This essay serves as a reminder of the value of science and research to parents, educators, governments, and all of us as the school year is almost ended. Numerous scientific breakthroughs have been made, including the development of biosensors, the ability to freeze embryos, the Kyoto Protocol, amnesia treatments, and the ability to stunt the growth of children with severe disabilities, to name just a few. Of course, if you look at these and many other scientific and technological achievements, you’ll see that practically all of them were developed in the labs of prestigious colleges around the world. Additionally, if you look at these developments, you’ll see that those colleges have obtained research funds from prestigious government agencies and businesses that are keen to get these researchers in order to improve economically.
If research were not a primary focus of most university curricula, these discoveries and advances in knowledge would not have been possible; this is the only factor we consider when vetting an institution for our children. In our region of the world, research is completely absent from all classes, yet in other regions, students as young as 8 or 9 begin researching certain topics in libraries, online, and other sources.
When I looked at the number of high school graduates and their areas of study in our region of the world, I found that very few had majored in science, and even fewer boys had chosen science as a discipline. Who will be the next Albert Einstein? It is our duty as academics, the government, and businesses to start addressing the dearth of science and research in our educational system.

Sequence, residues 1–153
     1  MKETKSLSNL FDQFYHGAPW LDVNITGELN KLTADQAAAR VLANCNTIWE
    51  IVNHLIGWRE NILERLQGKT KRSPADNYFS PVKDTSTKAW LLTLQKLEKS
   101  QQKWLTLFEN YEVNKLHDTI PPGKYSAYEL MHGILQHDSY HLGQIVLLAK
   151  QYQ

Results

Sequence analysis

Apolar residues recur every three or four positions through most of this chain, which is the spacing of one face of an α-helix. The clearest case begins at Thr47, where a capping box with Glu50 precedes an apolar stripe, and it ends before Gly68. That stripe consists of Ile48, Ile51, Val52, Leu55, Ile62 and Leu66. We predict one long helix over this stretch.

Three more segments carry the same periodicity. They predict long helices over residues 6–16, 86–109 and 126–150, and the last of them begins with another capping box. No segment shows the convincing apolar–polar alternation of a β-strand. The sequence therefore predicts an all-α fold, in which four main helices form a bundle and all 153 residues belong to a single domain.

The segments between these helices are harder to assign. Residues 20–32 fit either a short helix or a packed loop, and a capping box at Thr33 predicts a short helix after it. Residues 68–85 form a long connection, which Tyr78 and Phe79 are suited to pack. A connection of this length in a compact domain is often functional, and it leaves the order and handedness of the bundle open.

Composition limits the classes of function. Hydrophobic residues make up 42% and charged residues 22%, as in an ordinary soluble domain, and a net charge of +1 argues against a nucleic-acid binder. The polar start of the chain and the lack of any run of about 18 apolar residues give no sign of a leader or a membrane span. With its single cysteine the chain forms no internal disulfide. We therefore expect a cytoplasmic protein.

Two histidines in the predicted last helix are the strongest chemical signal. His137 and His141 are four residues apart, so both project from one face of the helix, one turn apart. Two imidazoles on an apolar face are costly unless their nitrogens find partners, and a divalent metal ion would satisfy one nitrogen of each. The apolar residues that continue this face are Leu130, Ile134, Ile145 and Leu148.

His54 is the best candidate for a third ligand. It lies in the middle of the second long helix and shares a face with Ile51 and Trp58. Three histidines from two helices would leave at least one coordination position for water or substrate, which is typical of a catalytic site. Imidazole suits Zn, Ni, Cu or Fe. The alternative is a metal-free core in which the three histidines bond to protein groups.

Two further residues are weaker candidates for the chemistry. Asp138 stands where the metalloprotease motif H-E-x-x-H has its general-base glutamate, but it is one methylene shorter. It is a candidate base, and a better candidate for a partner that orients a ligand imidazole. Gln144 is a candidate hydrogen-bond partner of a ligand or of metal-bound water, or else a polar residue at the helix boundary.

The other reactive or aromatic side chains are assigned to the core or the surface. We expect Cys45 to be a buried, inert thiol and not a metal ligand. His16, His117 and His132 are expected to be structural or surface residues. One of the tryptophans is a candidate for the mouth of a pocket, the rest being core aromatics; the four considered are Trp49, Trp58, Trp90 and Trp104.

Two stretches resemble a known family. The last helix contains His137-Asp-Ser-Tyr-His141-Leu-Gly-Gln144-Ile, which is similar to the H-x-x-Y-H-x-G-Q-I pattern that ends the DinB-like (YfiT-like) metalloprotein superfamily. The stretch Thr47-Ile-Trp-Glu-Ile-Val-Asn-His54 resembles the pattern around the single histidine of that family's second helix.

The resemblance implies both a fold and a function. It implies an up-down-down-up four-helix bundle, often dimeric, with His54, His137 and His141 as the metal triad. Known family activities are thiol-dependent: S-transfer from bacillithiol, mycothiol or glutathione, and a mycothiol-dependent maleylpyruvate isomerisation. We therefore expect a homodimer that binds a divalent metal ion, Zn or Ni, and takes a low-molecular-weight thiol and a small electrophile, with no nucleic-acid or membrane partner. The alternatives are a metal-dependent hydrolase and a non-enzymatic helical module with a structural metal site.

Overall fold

It’s true that a lot of new initiatives have been made in the Gulf region to develop biotechnology and marine centers, but I don’t see any connections between these centers and the Gulf schools; we don’t take the students there to learn about them. Since many of us now subscribe to the audio/visual theory of learning, kids may be inspired to enroll in college and pursue a scientific specialization if they can see for themselves what they will be doing in the future if they choose to major in science. But we waste pupils’ learning time by taking them to amusement parks and shopping malls.
Governments should support research with even more funding; otherwise, it will take 500 light-years to catch up to developed nations. Remember that the Arab world only invests 0.0002 percent of its GDP in research. You may look up the gap in spending in the western world on Google.